Statistics gathered by the Health Ministry over the past decade show that the use of in-vitro fertilization (IVF) is on the rise in Israel. In 2000, Israeli couples underwent a total of 18,011 cycles of IVF treatment; by 2008, that number had risen to 29,196.
The rise in the use of IVF outpaced the growth in Israel's population. In 2000, 11.5 out of 1,000 women of childbearing age (age 15-49) underwent IVF, in 2008, 16.7 out of 1,000 did the same – a 45 percent increase.
Almost 90 percent of IVF cycles included embryo transfer. One-fourth ended in pregnancy, and 17-20 percent ended in a live birth. 3.7 percent of the babies born in 2008 – in a total of 5,713 births - were conceived with the help of IVF.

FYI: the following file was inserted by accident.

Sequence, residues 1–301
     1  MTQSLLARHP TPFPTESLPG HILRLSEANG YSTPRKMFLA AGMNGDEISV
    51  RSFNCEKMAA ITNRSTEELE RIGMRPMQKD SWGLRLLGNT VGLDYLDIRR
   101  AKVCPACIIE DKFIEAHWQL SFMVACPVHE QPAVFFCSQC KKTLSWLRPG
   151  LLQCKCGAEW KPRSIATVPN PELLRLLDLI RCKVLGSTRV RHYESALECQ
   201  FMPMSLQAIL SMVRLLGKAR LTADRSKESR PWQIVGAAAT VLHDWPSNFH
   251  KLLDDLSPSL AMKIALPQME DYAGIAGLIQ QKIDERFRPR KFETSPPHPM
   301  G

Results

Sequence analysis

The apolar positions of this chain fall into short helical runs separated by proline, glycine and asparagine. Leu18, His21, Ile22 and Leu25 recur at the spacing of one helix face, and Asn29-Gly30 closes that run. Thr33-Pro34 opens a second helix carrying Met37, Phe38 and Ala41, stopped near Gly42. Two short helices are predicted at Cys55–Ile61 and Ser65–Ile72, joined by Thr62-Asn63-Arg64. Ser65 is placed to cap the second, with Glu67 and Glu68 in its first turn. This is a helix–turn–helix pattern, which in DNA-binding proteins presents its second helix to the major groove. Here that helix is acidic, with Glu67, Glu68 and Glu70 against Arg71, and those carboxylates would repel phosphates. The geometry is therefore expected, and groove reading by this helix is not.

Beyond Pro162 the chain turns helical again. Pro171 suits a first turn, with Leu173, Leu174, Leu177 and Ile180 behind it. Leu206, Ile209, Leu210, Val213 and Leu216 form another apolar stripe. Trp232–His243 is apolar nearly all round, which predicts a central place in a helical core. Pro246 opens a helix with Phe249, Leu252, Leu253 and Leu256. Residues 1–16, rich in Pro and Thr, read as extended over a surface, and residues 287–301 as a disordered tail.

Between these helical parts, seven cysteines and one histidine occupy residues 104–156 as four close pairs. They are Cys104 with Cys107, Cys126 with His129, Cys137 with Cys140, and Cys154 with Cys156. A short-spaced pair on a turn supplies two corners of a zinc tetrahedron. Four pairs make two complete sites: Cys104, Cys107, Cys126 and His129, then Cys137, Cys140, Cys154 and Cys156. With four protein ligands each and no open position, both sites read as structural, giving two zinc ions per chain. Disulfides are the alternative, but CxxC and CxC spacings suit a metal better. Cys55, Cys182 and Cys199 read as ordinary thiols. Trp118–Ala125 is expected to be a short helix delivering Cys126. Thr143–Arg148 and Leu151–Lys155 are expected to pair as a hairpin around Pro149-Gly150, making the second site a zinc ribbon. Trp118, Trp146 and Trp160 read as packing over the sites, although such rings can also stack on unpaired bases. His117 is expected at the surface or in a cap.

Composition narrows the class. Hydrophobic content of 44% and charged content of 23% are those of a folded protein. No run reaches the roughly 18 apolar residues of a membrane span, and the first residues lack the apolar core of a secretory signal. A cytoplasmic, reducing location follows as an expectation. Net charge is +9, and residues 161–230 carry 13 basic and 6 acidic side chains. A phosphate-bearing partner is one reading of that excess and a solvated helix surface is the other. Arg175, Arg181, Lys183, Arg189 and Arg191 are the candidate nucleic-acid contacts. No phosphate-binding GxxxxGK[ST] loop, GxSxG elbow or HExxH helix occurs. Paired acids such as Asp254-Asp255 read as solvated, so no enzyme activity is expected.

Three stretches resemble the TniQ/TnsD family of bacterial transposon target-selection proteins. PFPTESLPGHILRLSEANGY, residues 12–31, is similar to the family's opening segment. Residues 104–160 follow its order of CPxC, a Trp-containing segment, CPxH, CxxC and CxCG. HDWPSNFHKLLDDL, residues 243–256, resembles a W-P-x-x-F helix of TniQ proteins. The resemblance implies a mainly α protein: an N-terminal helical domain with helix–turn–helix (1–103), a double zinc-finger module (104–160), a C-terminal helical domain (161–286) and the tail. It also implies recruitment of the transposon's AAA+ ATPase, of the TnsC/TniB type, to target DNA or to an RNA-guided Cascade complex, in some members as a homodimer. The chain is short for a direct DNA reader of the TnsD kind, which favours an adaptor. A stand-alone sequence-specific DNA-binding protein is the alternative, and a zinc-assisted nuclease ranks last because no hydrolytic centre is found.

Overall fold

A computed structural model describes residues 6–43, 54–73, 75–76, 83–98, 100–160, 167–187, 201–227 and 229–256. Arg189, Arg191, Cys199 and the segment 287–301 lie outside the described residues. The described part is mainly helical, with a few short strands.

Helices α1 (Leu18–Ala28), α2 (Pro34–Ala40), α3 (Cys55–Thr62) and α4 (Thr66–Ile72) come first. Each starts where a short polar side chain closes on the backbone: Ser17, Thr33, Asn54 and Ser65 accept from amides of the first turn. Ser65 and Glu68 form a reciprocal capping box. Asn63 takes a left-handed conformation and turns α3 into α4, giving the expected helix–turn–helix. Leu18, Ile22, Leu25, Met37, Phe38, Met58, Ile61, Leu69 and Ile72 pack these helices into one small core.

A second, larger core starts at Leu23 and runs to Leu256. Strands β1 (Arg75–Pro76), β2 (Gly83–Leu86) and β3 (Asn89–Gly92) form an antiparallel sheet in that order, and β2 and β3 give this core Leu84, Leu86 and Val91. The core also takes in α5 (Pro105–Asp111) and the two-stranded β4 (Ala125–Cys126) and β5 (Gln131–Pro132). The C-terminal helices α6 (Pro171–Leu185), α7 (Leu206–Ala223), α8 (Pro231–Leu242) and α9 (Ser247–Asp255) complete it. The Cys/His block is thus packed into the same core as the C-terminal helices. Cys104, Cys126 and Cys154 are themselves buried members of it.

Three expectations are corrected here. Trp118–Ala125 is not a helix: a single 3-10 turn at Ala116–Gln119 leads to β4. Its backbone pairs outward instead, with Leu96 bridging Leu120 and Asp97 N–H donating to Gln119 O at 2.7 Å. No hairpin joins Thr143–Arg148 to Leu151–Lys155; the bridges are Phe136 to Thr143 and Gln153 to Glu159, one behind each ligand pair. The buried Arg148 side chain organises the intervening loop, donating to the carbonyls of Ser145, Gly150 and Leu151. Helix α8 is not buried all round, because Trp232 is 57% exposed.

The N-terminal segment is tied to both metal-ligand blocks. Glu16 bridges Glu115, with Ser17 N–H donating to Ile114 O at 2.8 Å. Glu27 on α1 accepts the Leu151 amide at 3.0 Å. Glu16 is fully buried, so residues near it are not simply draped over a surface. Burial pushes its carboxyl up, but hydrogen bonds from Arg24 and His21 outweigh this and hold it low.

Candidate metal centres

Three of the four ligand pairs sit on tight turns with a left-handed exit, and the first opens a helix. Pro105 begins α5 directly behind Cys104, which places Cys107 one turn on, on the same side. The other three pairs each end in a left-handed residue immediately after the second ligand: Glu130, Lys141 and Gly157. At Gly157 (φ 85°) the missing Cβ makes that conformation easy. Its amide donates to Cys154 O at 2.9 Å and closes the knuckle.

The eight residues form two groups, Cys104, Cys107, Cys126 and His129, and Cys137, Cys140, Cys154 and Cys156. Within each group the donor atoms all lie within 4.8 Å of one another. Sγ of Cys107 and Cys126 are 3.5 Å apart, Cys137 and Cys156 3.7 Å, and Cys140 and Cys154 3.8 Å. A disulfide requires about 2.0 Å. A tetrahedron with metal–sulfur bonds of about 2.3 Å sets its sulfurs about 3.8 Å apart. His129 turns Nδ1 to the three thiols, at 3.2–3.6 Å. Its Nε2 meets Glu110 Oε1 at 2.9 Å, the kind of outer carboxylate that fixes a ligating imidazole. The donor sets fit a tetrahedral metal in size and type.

In 2000, 2.6 percent of babies born were conceived using IVF.
Women who underwent embryo transfer were more likely to have multiple births. An average of 1.2 babies were born per woman who gave birth following IVF, a figure that remained steady from 2000 to 2008.
Israel's healthcare plans cover a large portion of fertilization treatments and there are organizations, such as Puah Fertility Clinics in Jerusalem, that aid couples with advice and Halakhic (Jewish legal) consultations.